Elections 2009: Magazines turn on the political heat

Elections 2009: Magazines turn on the political heat

Author | Puneet Bedi Bahri | Wednesday, Mar 25,2009 8:20 AM

Elections 2009: Magazines turn on the political heat

With the Lok Sabha elections less than a month away, the media is on a poll overdrive. exchange4media had covered what the various news channels have up their sleeves as part of their election coverage some time back. This time, exchange4media takes a look at the election coverage in magazines and how they plan to go about the great Indian poll show.

Elections sure are good times for publishing houses to boost their revenues. Magazines come up with very comprehensive poll coverage, offering a systematic consideration of various factors. Credible analysis, expert opinions, a cross-section of views, special supplements, exclusive interviews with major party candidates, past performances, constituency-related news – all are there to woo the readers. Of course, the increase in political advertising by various parties and candidates is the icing on the cake for magazines.

Advantages and disadvantages of being a periodical

According to Ashish Bagga, CEO, India Today Group, “Given their frequency, news magazines such as ‘India Today’ are known to provide readers with credible analysis, perspective and insight, rather than report an event minute by minute. Our websites, however, will be updated more frequently and will offer the best of both worlds. Either way, it is a win-win for our readers.”

India Today will also be coming up with several special supplements and initiatives as part of its election coverage.

Suresh Selvaraj, President, Outlook, too, said that elections are not a minute by minute event. “It is a process. Being a periodical, we can watch the events that unfold, analyse them and give the readers a whole perspective. Magazines could also provide background information and a cross-section of views (not necessarily the chosen few on a dais). Readers tend to read them at their leisurely pace to understand the intricacies of the issues at hand ruminate and share opinions,” he added.

Sandipan Deb, Editor, RPG Publications Pvt Ltd, noted, “I think it’s neither an advantage nor a disadvantage. It is just that TV will do the minute-by-minute coverage, while a magazine like ‘Open’ will take a more reflective approach. We will do analytical stories and stories from the fields that are distinguished by good writing and great photographs. TV coverage of elections can sometimes become strident or frenetic, so we will use the benefit of more time that we have to give a more balanced and quieter assessment of what has been happening.”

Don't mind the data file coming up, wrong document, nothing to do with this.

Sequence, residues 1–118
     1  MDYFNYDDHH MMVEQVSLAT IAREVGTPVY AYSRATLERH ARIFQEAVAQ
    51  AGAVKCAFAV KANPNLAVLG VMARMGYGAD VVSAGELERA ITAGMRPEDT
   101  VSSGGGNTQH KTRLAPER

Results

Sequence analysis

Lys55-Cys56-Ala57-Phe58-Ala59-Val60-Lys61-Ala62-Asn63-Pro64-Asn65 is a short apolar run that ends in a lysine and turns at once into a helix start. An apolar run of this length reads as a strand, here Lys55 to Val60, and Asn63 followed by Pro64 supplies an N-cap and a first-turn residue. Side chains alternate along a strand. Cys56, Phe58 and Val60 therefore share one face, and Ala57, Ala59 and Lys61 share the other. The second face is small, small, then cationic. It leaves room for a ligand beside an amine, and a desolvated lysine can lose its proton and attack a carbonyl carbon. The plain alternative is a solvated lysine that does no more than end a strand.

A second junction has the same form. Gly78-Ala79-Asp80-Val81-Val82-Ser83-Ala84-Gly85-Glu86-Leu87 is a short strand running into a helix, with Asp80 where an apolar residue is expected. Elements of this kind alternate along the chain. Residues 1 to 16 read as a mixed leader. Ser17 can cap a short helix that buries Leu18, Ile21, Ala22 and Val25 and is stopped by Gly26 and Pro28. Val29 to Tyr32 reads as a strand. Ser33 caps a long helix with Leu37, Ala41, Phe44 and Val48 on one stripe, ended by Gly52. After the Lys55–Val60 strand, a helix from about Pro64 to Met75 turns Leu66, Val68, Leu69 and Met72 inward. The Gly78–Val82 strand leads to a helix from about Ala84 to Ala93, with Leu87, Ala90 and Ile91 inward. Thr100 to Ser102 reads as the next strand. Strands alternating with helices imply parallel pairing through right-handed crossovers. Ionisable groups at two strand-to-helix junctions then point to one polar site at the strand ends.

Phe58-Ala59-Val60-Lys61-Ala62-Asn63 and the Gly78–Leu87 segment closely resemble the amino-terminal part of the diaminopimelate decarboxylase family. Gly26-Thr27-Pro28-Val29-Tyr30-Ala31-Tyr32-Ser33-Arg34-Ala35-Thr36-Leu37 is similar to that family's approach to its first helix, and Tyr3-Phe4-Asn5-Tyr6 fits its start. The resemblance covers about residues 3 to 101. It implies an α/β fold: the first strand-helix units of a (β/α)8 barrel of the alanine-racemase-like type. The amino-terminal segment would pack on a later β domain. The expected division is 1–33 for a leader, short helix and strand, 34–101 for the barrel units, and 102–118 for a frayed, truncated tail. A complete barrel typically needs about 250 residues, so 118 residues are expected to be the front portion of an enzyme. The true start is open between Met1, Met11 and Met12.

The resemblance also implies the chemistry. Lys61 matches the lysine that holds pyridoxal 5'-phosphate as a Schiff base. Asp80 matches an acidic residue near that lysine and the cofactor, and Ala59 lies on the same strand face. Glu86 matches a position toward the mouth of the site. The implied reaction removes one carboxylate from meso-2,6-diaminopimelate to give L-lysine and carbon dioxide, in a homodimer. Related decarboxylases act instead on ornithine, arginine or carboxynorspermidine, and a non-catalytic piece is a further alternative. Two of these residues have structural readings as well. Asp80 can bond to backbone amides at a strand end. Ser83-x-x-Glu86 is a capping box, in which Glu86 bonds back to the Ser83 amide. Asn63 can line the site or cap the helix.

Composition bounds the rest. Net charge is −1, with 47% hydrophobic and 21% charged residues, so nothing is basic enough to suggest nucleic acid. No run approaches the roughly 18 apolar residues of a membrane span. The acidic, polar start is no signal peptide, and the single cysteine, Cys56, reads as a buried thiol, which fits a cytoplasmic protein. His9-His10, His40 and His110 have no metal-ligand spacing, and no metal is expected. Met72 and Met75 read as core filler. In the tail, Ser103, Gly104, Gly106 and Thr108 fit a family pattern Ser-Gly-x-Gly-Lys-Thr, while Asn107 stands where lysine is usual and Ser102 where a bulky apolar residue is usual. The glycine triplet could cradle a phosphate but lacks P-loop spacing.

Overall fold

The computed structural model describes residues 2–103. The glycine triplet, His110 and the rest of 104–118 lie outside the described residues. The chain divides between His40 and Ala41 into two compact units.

Good time to boost revenues

Considering that the industry is reeling under the economic slowdown, the forthcoming Lok Sabha elections are being seen as giving a good boost the magazines’ revenues.

Commenting on this, Bagga said, “There will certainly be an increase in political advertising. It is difficult to estimate the actual quantum as this will depend on the budgets of the political parties.”

Selvaraj pointed out, “Unlike dailies, magazines do not attract political advertising revenues. However, there is a change in the mindset of a few national parties, who might look at magazines for their advertising, considering the ‘influential nature’ of the magazines and their readers’ ability to be opinion leaders.”

Jacob Mathew, Executive Editor, Malayala Manorama, noted, “Elections do not give us a business advantage by way of revenue increase. There could be an increase in circulation, the additional revenue from which is going to be marginal, particularly since the economic meltdown has affected ad revenues.”

Special areas of focus

“At India Today, our forte has always been more than just news, such as detailed analysis and conclusions of election-related news, opinion, trends and projections. So, where a TV channel will report the happenings, the readers turn to India Today for expert opinion and for useful key takeouts that will impact his life and decisions,” Bagga added.

Outlook’s Selvaraj informed, “We have introduced a political fantasy game called ‘Cabinet XI – My Dream Team’. The objective for the contest is to think beyond parties and ideologies. Readers have been invited to select the best and the brightest and be bi-partisan in their minds. If Nehru could have a Jan-Sanghi Shyam Prasad Mookerji in his council, and a Democrat Barack Obama could have the Republican Robert Gates, why can’t India think differently now? This game would make the readers to think outside the ballot box.”

He further said, “We are providing various optional names, cutting across party lines and politics, for the PM and 11 portfolios of ministries. Readers choose what they think is the best combo for the nation. If their choice matches with the jury/panel commissioned by Outlook, we give away 545 prizes with the bumper prize being a trip to London to visit the House of Commons.”

On the special focus, Sandipan Deb said, “We will overall look at the upcoming elections and everything about it through a human lens, whether it is a big leader or a common voter or party policies and strategies. I can promise that ‘Open’ will not have arid and clichéd analysis, or stuff that you have already watched on TV or read in the papers four or five days ago.”

None of the magazines exchange4media spoke to have spoken about increasing their advertising budget during elections. However, Selvaraj did say, “We will not be exactly increasing our advertising rates, but would be doing some activity in the trade circles like web mailers and newsstand promotions, among others.”

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